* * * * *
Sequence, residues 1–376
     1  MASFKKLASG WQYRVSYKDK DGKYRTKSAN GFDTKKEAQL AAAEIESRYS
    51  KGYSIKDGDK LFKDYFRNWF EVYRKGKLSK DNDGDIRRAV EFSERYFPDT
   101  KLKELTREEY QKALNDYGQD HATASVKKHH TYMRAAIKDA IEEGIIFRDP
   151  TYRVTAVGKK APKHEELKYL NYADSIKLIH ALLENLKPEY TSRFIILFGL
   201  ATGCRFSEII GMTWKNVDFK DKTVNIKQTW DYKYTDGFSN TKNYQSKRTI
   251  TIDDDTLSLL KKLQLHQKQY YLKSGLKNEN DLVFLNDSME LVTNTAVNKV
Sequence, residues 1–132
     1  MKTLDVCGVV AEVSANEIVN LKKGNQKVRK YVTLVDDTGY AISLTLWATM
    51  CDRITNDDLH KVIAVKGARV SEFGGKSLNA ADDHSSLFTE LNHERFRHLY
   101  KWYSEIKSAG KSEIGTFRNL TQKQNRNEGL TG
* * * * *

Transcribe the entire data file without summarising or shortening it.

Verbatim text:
Sequence, residues 1–376
     1  MASFKKLASG WQYRVSYKDK DGKYRTKSAN GFDTKKEAQL AAAEIESRYS
    51  KGYSIKDGDK LFKDYFRNWF EVYRKGKLSK DNDGDIRRAV EFSERYFPDT
   101  KLKELTREEY QKALNDYGQD HATASVKKHH TYMRAAIKDA IEEGIIFRDP
   151  TYRVTAVGKK APKHEELKYL NYADSIKLIH ALLENLKPEY TSRFIILFGL
   201  ATGCRFSEII GMTWKNVDFK DKTVNIKQTW DYKYTDGFSN TKNYQSKRTI
   251  TIDDDTLSLL KKLQLHQKQY YLKSGLKNEN DLVFLNDSME LVTNTAVNKV
Sequence, residues 1–132
     1  MKTLDVCGVV AEVSANEIVN LKKGNQKVRK YVTLVDDTGY AISLTLWATM
    51  CDRITNDDLH KVIAVKGARV SEFGGKSLNA ADDHSSLFTE LNHERFRHLY
   101  KWYSEIKSAG KSEIGTFRNL TQKQNRNEGL TG